Teachers, parent groups protest at Queen's Park for smaller elementary class sizes
Mock classroom was set up to show physical distancing not possible with current class sizes
Parent groups and education workers are holding a "safe September" protest at Queen's Park today calling on the Ontario government to provide more funding for smaller class sizes for elementary students.
Some parents, educators and health professionals have raised concerns about the province's decision to maintain pre-COVID-19 class sizes. They say many classes in high enrolment boards will be too big to ensure proper physical distancing among students and teachers.
The parent and teacher coalitions set up a mock classroom on the lawn of Queen's Park to demonstrate the close proximity between student desks if the current cohort numbers are not reduced. Based on the current dimensions, the recommended two-metre physical distancing rule would not be achievable in many instances.
"This is our reality. This is what students are coming into," said Jessica Lyons, a parent organizer with the Ontario Parent Action Network, as she walked through the mock classroom to show the limitations. "There is no possibility of recommended spacing in this classroom."
Teachers and parents groups demonstrate on the lawn of the Ontario legislature. They say, not enough has been done to make schools safe as kids are set to get back in the classroom 5 days in near weeks. <a href="https://twitter.com/hashtag/covid?src=hash&ref_src=twsrc%5Etfw">#covid</a> <a href="https://twitter.com/hashtag/onpoli?src=hash&ref_src=twsrc%5Etfw">#onpoli</a> <a href="https://twitter.com/hashtag/BackToSchool2020?src=hash&ref_src=twsrc%5Etfw">#BackToSchool2020</a> <a href="https://t.co/2zObExpUPw">pic.twitter.com/2zObExpUPw</a>—@chrisgloverCBC
In Ontario, there is no cap for the size of classes in Grades 4 through 8 — only a maximum average of 24.5 across each board. That means it's not uncommon for children in high enrolment school boards to find themselves in classes of 30 or more.
"We know that 35 children in one classroom with poor ventilation is totally unsafe and does not meet the recommendations of SickKids, the recommendations of Toronto Public Health and countless other reputable medical sources," said Lyons.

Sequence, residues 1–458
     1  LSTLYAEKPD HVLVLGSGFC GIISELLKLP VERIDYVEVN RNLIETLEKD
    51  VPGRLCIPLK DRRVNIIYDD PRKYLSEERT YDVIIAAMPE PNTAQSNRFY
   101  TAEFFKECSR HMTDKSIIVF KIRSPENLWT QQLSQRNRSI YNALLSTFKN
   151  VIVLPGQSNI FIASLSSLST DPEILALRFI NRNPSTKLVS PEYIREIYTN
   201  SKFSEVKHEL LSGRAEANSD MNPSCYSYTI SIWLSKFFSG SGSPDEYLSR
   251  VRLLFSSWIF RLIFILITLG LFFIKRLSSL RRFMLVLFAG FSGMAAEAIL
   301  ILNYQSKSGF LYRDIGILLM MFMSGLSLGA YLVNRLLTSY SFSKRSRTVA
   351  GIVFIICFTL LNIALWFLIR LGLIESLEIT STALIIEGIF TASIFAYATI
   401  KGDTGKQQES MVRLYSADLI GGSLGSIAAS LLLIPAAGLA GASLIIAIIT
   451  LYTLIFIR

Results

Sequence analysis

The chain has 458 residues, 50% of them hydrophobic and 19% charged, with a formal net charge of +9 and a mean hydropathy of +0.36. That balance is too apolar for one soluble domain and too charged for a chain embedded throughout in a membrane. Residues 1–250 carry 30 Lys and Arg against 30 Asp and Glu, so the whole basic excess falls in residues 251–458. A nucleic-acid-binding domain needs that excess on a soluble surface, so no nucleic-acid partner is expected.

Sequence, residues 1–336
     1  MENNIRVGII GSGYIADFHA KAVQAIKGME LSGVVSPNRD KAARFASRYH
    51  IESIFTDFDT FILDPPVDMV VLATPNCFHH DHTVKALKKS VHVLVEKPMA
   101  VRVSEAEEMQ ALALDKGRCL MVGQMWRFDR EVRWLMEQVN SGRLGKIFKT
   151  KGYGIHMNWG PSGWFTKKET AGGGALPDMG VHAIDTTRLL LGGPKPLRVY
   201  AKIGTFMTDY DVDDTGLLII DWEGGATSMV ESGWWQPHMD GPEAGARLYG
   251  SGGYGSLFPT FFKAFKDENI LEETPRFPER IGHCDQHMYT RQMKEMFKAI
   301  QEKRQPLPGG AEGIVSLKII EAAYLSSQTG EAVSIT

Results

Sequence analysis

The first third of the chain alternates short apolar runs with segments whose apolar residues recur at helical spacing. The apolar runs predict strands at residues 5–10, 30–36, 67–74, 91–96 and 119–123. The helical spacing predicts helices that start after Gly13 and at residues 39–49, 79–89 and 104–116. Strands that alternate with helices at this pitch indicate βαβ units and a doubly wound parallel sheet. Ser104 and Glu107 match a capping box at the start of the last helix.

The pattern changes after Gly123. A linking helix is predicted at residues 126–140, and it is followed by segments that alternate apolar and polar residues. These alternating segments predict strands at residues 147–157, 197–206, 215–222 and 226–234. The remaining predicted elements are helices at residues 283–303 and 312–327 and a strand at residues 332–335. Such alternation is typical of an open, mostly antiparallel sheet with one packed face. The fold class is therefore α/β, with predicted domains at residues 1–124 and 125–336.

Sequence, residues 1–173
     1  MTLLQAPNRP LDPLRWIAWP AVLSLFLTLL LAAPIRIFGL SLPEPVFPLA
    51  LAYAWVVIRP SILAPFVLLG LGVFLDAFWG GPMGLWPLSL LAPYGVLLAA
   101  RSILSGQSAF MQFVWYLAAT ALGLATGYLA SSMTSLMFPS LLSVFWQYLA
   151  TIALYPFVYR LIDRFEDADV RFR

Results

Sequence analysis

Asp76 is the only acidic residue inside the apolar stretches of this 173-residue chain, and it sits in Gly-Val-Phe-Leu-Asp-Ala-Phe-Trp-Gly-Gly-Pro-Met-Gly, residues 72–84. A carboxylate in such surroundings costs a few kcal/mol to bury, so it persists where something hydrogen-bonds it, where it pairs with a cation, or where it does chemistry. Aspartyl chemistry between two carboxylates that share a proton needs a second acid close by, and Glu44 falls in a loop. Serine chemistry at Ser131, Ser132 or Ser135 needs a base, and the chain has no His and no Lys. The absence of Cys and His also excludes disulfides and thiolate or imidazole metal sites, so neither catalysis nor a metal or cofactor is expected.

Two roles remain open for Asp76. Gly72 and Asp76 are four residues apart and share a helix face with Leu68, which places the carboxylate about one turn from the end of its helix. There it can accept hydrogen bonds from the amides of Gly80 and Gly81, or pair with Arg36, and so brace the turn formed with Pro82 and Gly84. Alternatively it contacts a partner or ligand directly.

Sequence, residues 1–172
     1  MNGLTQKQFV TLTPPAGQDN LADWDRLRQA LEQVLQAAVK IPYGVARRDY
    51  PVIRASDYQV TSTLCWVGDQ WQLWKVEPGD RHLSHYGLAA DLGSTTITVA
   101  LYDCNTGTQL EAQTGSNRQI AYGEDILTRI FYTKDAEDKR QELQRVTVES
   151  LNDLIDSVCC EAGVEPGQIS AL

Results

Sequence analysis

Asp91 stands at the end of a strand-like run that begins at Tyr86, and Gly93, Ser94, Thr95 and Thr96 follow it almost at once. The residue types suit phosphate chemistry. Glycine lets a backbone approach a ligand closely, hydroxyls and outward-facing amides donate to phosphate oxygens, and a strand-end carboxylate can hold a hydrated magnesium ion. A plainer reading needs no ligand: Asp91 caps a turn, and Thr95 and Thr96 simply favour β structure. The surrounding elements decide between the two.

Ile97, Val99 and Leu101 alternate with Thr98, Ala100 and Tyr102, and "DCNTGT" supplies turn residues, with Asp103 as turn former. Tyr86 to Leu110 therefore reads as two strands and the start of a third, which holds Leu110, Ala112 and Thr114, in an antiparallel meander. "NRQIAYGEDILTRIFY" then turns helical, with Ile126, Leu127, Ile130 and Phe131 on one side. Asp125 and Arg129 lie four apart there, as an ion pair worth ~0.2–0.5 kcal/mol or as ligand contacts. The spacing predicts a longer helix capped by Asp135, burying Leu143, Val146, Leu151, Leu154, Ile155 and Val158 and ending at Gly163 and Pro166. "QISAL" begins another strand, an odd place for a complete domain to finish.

Medical experts have also recommended proper ventilation in closed spaces to minimize the spread of COVID-19. But many of the schools in Toronto are older with ventilation systems that require upgrading in order to be effective.
"The ventilation system is ancient," said David Stocker, a Grade 7 and 8 teacher with the Toronto District School Board, who attended the demonstration. He is also a parent of three children, two of whom will be going back to school in September.
Luckily, the windows in his classrooms open, Stocker says, but that's not the case for everyone.
"You hear about the classrooms where the windows don't even open. You hear about portables that don't have any sinks. You know all of these issues are gonna play out big time in the next few weeks."
Lyons called the ventilation systems in Toronto school an "increasing issue of concern."
"We need major attention to building repairs, HVAC repairs, window repairs so that they can open and let in some air and increase that ventilation."
Ontario Premier Doug Ford has allotted $30 million for the province's school reopening plan to hire more staff to decrease elementary class sizes whenever possible. Both the premier and the education minister, Stephen Lecce continue to defend the plan, despite repeated pressures to add more funding and adjust class sizes from parents, teachers, and medical experts.
Ford and Lecce have acknowledged that physical distancing won't always be possible. Instead, Ford has recommended parents to opt for online learning if they are concerned.
At Wednesday's press conference, the premier defended the plan again but also teased an upcoming back-to-school announcement.
"It's going to be a positive announcement. It's going to be great for the teachers and the students."
To address the need for smaller class sizes and improve ventilation systems, the parent and teacher coalitions are asking for $3 billion.
"A full-funded plan for a safe back-to-school [return] would be over three billion dollars and this would compute to $8 per day per student," Lyons said, adding the "Ford government has so far allotted 84 cents per day per student."
To make proper spacing between children possible, the groups are also asking for increased cleaning and nursing staff, guaranteed paid sick days for staff and funding to address racism.
With files from Chris Glover